We don’t need to tell you whose responsibility it would be in case it is discovered, in Barabanki or Muzaffarpur, that Boost, the chocolate energy drink for children, does not really give any additional natural energy to children. Of course it will be Sachin Tendulkar’s responsibility. Everyone knows Sachin. And everyone should know why it is his responsibility.

The government and courts have also given a resounding endorsement of the decision-making capability of the common man. They possess such sound judgment, the government believes, that they are forced to buy all products endorsed by a celebrity, even though they have no use for them.

The product will be banned with retrospective effect, as has been so successfully done by some of our leaders.

But wait! Why should the product be banned? Is it the fault of the product? No way. It is the fault of Madhuri Dixit.

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32 thoughts on “In a Soup

  1. Point well made 😀 Love the sarcasm oozing here. Because obviously it is Madhuri’s fault that we are eating Maggi. Idiots everywhere!
    And you know, here I thought we were supposed to avoid cigarretes, drugs and alcohol. And oh… McD and Dominoes

  2. One problem, Ankur, is that anyone who can make a dollar or a rupee by selling anything to the common man, probably also has good contacts in the Government. On a slightly more serious note we have a brand of Rice in Australia called Koala Rice. The company is is a very Australian company and it donates some of its profits to a Koala protection society. But the rice comes from Thailand.
    Have a look at http://wp.me/p5CsVT-1t if you have time.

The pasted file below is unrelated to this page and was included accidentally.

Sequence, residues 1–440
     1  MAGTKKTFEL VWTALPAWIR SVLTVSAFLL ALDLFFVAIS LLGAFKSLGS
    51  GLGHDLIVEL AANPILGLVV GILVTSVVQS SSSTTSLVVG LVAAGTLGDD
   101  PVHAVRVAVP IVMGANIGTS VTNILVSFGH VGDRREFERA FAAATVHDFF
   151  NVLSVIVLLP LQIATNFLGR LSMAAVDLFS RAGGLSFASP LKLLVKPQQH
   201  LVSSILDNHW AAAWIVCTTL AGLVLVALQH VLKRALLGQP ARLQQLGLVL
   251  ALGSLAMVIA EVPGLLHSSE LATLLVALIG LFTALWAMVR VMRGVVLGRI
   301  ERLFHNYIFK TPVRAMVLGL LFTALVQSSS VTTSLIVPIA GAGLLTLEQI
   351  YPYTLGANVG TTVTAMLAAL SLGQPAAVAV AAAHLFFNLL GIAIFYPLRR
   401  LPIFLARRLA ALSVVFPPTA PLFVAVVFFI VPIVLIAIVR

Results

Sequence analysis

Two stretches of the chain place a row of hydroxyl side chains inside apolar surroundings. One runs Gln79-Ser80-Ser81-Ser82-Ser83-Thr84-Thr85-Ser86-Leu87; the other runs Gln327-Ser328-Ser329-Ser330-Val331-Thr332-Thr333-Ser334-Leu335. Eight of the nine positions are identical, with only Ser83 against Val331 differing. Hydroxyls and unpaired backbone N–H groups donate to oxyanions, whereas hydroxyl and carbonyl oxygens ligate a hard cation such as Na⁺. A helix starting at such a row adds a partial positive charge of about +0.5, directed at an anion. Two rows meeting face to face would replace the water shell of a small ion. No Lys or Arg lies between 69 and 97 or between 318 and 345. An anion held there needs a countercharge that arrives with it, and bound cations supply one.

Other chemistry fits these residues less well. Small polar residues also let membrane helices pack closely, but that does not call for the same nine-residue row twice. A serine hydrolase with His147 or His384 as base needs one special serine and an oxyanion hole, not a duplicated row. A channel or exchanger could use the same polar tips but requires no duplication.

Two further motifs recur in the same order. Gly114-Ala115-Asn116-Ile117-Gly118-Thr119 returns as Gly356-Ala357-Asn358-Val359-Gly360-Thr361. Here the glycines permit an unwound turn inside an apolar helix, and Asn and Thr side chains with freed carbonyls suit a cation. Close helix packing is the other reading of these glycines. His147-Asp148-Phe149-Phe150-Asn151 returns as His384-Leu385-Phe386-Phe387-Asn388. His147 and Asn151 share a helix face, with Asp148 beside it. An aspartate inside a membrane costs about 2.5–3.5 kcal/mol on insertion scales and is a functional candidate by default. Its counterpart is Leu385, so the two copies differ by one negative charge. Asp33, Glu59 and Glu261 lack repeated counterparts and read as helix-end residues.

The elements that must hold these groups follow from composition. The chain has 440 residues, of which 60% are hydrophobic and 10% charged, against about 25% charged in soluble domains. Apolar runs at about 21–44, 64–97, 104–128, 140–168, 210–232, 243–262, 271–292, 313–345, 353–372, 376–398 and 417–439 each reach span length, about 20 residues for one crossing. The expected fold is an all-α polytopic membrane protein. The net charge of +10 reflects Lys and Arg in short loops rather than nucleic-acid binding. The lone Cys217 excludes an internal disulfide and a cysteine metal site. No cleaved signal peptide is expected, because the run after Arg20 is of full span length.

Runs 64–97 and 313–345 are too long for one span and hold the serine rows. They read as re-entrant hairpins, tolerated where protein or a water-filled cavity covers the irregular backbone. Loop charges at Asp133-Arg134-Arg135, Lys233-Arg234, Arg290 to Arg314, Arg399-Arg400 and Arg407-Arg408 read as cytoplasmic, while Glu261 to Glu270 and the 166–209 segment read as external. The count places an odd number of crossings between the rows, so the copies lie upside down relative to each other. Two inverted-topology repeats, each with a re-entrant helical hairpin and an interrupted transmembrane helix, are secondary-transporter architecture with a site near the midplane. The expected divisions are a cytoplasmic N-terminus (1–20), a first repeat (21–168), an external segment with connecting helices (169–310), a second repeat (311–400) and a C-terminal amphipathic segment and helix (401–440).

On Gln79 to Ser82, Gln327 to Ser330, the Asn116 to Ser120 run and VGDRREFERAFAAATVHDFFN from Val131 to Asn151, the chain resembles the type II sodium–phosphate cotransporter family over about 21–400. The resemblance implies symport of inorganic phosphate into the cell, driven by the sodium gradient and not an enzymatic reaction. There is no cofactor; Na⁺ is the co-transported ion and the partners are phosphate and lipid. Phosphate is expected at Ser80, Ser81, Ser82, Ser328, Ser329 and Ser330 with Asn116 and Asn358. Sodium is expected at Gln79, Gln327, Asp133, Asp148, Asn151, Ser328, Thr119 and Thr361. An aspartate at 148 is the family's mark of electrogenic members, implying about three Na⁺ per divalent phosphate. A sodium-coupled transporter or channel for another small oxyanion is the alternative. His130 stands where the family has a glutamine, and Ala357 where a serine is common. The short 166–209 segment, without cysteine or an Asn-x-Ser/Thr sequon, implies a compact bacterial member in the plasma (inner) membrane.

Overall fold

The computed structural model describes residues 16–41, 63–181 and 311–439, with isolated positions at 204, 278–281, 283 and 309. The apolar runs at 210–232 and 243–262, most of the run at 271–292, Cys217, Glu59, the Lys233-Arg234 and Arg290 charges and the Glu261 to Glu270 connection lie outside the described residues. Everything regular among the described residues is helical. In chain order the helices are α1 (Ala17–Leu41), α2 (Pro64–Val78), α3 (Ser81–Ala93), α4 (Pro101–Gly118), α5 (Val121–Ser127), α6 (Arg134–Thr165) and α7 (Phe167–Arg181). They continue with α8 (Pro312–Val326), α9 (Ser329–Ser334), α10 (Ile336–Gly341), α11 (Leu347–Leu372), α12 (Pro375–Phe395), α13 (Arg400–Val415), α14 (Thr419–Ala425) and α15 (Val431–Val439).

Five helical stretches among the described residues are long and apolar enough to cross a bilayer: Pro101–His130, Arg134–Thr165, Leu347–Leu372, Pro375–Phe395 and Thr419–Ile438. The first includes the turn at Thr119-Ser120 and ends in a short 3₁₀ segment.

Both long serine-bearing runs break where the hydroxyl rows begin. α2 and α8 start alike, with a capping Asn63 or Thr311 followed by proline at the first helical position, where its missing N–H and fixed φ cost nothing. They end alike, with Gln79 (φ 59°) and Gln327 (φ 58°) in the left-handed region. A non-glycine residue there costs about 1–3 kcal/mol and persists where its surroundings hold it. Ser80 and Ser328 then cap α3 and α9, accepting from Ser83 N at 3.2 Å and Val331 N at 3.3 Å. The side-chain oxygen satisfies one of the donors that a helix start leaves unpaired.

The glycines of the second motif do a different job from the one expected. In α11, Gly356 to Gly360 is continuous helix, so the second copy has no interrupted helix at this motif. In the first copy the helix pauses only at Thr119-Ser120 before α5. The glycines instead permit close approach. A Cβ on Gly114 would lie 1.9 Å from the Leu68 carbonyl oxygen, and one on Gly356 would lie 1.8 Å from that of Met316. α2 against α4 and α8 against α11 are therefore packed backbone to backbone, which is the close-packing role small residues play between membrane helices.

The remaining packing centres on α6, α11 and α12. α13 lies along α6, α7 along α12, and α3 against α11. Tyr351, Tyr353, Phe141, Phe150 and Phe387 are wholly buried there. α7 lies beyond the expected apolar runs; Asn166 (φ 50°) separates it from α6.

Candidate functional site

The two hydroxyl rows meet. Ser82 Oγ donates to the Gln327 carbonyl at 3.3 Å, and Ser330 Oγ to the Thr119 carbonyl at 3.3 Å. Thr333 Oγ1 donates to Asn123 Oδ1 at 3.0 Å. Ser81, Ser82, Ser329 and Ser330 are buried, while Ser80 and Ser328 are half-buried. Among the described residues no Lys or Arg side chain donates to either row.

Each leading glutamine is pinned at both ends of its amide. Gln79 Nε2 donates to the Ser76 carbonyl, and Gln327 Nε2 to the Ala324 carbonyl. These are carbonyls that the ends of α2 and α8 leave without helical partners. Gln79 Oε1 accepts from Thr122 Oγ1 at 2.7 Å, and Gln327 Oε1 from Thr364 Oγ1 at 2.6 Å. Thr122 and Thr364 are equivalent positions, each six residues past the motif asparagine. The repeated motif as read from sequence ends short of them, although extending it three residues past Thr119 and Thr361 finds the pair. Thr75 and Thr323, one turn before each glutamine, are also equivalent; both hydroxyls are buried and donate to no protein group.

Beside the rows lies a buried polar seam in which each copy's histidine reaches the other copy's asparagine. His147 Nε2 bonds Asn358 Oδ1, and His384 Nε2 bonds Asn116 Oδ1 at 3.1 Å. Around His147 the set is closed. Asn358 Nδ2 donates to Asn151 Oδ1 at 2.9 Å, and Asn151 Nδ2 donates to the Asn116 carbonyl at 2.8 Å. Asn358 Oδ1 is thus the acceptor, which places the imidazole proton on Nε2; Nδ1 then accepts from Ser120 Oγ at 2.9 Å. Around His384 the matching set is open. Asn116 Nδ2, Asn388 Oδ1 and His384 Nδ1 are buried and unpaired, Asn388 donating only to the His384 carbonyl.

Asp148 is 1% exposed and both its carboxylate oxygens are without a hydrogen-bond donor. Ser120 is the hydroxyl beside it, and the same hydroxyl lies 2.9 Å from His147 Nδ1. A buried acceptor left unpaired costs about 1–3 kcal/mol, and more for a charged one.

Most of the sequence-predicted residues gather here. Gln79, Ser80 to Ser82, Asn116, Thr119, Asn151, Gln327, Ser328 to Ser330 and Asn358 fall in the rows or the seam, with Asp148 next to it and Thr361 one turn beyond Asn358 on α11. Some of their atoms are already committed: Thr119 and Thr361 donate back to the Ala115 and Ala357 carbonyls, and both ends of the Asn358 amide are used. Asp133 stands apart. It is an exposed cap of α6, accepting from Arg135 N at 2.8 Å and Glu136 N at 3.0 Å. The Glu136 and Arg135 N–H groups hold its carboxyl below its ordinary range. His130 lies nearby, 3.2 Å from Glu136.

• Bit like an oxy-moron. “Helping Australian farmers by buying rice from Thailand”. But, in my view, the fault is with our expectations. Why do we expect a company to do good? Its sole purpose is to make money. It is upto us humans to frame regulations in a manner that we can protect what needs protecting. What is the point of, say, intruding upon the Koala habitat for the sake of business, threatening their existence, and then getting the business to do good by donating money for saving the Koala which they, or one of their ilk, may have threatened in the first place?

      • I am always amazed when people expect a a company to “do good”. That is not their business. Their business is to make a profit. If people don’t like what they do, people can not buy. Then the profits go down, and the company pays attention. I know it can get more complex, but basically that’s it, and I don’t know why it’s so hard to understand.

      • But that makes total sense if the company is protecting Koalas by selling Thai rice: the Thai farmers grow rice in Thailand, so that less forests would have to be cleared in Australia, and a larger habitat would then be available for Koalas.

      • Now that you put it like that, Koalas can breathe easy. Their future is in safe hands. Some day the company might graduate to producing weapons on that land and endangering lives, and using the revenue to protect endangered Koala habitat.

  3. The blame game grows ever more ornate and sophisticated in bureaucracies….Your point about people being forced to buy certain products by ads—they just can’t help it, they must follow what the movie star says….. is one I often ponder. Are there really that many sheep out there?

    • I totally agree. I don’t think there is a single sheep out there. Self-preservation is perhaps the most basic animal instinct. Despite what the film star might say, I will buy it ONLY if I think it will be good for me in some way. I am saying that governments make out as if there are sheep who need protection.

  4. Loved your take on the brand ambassador landing in a soup 🙂 I am not a marketing guy so I find it difficult to believe these Brand Ambassadors. They sound so hollow 🙂